if she would do it all over again.

Beyond my front door the troubled world is waiting.
I yearn for something I don’t know how to name.
Is it something more than survival?
In the obstetrician’s office, pictures of flowers
litter the walls. Labeled pistil, stamen, petal.
People listen to music while they wait.
In farther rooms, faded cotton gowns
are folded. Meant to be tied in the front.

They say to be cursed, you’ve got to believe in curses.
What is a woman? Can you kiss
any of that hurt away?
The wood is too green and will not burn.
We leave with what we carried when we arrived—
a hunger, a love of air. That’s it.
I don’t know how to take compliments,
so I bury them alive.

You know how when you look at a light for too long,
everything gets the shape of that brightness on it.
People ask, this thing that you made.
Did you have to make it? Does it have meaning?
Did you have to do it so that you could live?

Some days, you have to forget pain
before you can make yourself believe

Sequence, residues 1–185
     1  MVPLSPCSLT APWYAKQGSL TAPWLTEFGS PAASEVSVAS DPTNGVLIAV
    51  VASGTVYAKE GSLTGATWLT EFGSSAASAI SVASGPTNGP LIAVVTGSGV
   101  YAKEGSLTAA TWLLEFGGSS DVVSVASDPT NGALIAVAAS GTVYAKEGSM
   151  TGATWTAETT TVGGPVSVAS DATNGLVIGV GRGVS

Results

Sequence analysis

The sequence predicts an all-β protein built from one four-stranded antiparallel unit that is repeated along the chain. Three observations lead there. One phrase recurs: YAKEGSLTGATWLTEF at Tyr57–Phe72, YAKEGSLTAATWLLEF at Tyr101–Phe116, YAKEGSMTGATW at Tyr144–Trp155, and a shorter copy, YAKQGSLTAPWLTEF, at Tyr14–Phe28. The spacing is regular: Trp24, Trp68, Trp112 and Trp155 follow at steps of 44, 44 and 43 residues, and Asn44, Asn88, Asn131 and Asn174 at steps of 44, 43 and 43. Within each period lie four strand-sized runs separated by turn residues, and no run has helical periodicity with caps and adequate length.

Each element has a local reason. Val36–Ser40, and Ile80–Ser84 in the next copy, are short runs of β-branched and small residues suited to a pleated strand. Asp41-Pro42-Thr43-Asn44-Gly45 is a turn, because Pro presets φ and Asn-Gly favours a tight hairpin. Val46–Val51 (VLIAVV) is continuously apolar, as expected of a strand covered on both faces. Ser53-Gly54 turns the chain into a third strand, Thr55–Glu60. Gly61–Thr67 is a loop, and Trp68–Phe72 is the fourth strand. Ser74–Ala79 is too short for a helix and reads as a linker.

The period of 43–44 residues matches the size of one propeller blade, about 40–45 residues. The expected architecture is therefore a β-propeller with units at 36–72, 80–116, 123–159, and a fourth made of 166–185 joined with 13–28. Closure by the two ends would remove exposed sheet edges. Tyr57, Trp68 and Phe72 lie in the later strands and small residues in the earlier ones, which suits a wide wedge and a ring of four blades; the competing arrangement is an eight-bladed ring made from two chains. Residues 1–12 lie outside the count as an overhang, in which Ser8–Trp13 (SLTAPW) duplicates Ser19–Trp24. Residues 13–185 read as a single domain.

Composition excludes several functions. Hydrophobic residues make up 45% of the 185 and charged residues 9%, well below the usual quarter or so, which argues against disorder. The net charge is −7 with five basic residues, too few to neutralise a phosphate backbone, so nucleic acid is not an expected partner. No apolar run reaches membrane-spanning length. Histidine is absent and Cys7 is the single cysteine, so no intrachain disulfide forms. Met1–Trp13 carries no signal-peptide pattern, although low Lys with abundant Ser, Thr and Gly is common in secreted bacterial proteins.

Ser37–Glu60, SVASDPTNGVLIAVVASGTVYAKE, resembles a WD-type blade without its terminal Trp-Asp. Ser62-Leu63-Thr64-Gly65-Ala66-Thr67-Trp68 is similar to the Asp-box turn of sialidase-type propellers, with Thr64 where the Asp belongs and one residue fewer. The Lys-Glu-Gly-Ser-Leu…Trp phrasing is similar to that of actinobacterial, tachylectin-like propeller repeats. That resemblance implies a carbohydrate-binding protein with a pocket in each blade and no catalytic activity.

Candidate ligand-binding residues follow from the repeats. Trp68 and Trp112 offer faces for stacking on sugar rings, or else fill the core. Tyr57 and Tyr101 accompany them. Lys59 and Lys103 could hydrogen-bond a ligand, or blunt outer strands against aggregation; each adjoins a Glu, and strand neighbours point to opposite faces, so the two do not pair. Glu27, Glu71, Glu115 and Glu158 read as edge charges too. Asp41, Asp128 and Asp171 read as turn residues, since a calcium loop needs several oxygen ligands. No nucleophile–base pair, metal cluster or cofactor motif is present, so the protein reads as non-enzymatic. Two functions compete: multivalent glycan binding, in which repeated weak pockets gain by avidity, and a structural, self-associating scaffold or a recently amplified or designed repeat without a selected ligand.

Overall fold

that this world is anything worth saving.

Now there are scars where the wounds have been,
the same shape as the wounds.
Now we are ruining our bodies again
and trusting that they will forgive us.

from Poets Respond


Chera Hammons: “I wrote this poem after reading an article posted by NPR entitled, ‘For Every Woman Who Dies in Childbirth in the U.S., 70 More Come Close.’ It notes that survival only comes at great cost. Anyone who reads this article must surely wonder, how is it possible that such a cost is acceptable to us?” (web)

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February 8, 2017

Chera Hammons


The worst part is that there is still some hope.
That there keeps being hope, no matter what happens to us.

Even though my stomach has hurt since the second grade
and I worry, one day, I won’t be able to make it to work anymore.

Even though when you were a child, you couldn’t say your Rs right.
We confess our wildest disappointments to each other,

no matter how small. The ways our families’ politics let us down.
The way you teach fourth grade instead of college,